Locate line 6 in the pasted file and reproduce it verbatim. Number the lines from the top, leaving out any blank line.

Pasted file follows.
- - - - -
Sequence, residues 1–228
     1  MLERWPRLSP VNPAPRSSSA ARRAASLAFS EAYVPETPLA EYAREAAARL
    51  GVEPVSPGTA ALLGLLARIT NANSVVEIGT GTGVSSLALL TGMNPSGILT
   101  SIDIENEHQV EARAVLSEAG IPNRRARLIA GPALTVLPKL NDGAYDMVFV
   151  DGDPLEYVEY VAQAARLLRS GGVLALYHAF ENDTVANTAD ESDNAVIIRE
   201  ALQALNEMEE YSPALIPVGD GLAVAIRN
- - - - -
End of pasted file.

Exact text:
   201  ALQALNEMEE YSPALIPVGD GLAVAIRN